“Mom, I don’t like cass-role.” Five-year-old Ellen pouted, wrinkling up her nose.
“Honey, just try it. It’s good.” Ruth sighed, her back aching from her ten hour shift at the diner.
Ruth called it Poor Man Casserole. There was also Poor Man Stew that Ellen wrinkled her nose at. Ruth smiled as eight-year-old David dug into his helping. He’d always had a healthy appetite and never complained about what was set in front of him.
As a single mom, It was hard to make ends meet. Ruth worked as many hours as she could at the diner, but there was never enough money. Kids needed school supplies, clothes and shoes. And food, of course!
She never threw anything away. Every bit of leftover meats or vegetables got put into an airtight bowl and stored in the freezer. Once she had accumulated enough, she made her Poor Man Stew or Casserole, adding a few things to the leftovers.
“This is good, Mom. Can I have more?” Not waiting for an answer, David pushed his plate across the table. Ruth ruffled his hair before dishing up a generous helping.
“Why can’t we have McDonald’s or Burger King for dinner like my friend Missy. Her mom says she works all day and doesn’t wanna cook.” Ellen stuck out her lower lip as she pushed her food around with her fork. She finally brought a small bite to her mouth and made a big display of chomping her food. With a loud “humph,” she finished her helping.
“That wasn’t bad, now was it, honey?”
“Well,” Ellen drug out the word well, “it was okay, but I still wish we could have McDonald’s or Burger King.”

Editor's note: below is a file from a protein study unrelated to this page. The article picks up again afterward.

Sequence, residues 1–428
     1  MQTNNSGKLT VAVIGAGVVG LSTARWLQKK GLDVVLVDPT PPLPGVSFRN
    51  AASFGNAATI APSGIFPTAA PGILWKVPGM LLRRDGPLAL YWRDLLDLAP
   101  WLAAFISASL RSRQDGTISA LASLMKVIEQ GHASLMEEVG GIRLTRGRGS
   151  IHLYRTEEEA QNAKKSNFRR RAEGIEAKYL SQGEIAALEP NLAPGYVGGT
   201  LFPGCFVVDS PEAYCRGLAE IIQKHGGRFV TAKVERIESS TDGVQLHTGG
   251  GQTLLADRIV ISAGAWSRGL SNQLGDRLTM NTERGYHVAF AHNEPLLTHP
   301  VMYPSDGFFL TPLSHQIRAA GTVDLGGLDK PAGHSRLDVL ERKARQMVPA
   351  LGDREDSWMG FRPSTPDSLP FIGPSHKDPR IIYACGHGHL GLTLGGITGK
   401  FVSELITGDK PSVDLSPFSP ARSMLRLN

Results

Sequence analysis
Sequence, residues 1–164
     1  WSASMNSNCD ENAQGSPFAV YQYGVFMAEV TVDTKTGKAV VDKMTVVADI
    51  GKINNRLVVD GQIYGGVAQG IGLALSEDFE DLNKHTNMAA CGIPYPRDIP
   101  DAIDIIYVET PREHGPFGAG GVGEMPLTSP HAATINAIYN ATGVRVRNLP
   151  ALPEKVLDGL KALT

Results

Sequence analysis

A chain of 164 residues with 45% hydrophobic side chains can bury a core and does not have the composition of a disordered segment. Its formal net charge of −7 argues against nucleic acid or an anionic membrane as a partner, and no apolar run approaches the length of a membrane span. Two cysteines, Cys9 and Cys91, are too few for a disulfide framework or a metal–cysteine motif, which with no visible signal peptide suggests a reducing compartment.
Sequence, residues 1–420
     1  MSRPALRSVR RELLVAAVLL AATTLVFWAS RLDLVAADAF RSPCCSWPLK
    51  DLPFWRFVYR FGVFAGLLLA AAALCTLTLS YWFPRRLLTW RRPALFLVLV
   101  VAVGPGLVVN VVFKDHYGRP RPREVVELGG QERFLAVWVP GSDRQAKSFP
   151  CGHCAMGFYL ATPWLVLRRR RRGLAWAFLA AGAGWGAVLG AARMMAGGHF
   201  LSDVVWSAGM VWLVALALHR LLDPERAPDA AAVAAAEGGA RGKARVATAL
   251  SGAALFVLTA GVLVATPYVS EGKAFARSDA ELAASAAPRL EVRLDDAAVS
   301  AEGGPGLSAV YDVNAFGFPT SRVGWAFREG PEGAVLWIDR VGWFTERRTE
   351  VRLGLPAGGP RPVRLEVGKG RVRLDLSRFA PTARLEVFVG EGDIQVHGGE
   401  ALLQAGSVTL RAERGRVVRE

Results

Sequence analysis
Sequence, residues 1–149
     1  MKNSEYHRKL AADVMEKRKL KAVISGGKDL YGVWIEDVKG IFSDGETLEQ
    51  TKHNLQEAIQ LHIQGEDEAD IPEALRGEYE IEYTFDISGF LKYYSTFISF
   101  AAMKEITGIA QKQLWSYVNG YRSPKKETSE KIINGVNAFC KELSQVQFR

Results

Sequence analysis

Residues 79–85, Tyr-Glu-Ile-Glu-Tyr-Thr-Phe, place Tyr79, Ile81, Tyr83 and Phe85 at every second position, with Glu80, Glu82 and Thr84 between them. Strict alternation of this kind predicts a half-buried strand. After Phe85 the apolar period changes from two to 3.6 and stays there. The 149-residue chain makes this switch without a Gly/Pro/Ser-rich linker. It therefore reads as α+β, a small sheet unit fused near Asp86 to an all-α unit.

“Me too, honey, but we can’t afford it.”
“I like your cooking, mom. It’s the best.” David ginned, taking a swallow of milk and another bite of casserole.
Ellen sat quietly on the sofa thumbing through photo albums. “Look at us, David. Weren’t we the cutest kids?”
With a whoosh of breath, David lowered himself onto the recliner next to Ellen. He wearily rubbed his hand over his face. “Can’t believe Mom’s gone.”
“I know!” Ellen’s voice shook with emotion.
“There you are. What’d you two up to?” Their younger brother Ed stepped through the door. He glanced at his siblings before sitting next to Ellen.
The three sat silently for several minutes as the sounds of activity in other parts of the house flowed over them. The after funeral dinner had been lavish, although none of them had felt like eating.
Ellen flipped another page in the album. Exhaling, she tapped a picture. “Mom in that little kitchen. Remember those days, David? Mom was the best cook, wasn’t she?”
David chuckled and shook his head.
“What?” Ellen asked.
“Remember Poor Man Stew and Casserole? You hated them, Ellen. Whined all the time.”
“I don’t remember Mom making that,” Ed interjected.
“That’s because when Mom married your dad and you were born, we weren’t poor anymore.” Ellen took a tissue and wiped at her eyes. “I did complain, didn’t I? I really didn’t mind it. I was just a whiny kid.” She tenderly rubbed her finger over the photo of her mom. “Sometimes I close my eyes and smell that kitchen when Mom was cooking. My taste buds salivate with the memory of those casseroles and stews. I asked Mom for the recipes once. She said there weren’t any recipes.”
Silence descended like a thick cloud as each replayed memories of their mother in their minds.
“So, what was in these stews and casseroles that you two are talking about?” Ed cleared his throat, allowing his hand to caress Ellen’s shoulder.
Ellen and David chuckled at the same time. “Everything that had been leftovers for the past week or two,” David said.
“Chunks of hamburger, chicken, roast, pork chops. It had it all. That and every kind of leftover vegetables. Mom added pasta or potatoes, seasoned it. It was good.” Ellen sniffled. “Mom made it tasty. She worked so hard after our dad died. I’m sorry I ever complained.”
“I’m sure Mom knew you didn’t mean it,” Ed said. “Now we’ve all got grandchildren. Makes me kinda sad I never got any Poor Man dishes,” he mumbled.
David laid his head back against the chair’s cushion. “There’ll be plenty of leftovers from all that food that got brought in. Maybe we could make one of those dishes like Mom did. How ‘bout it, sis?”
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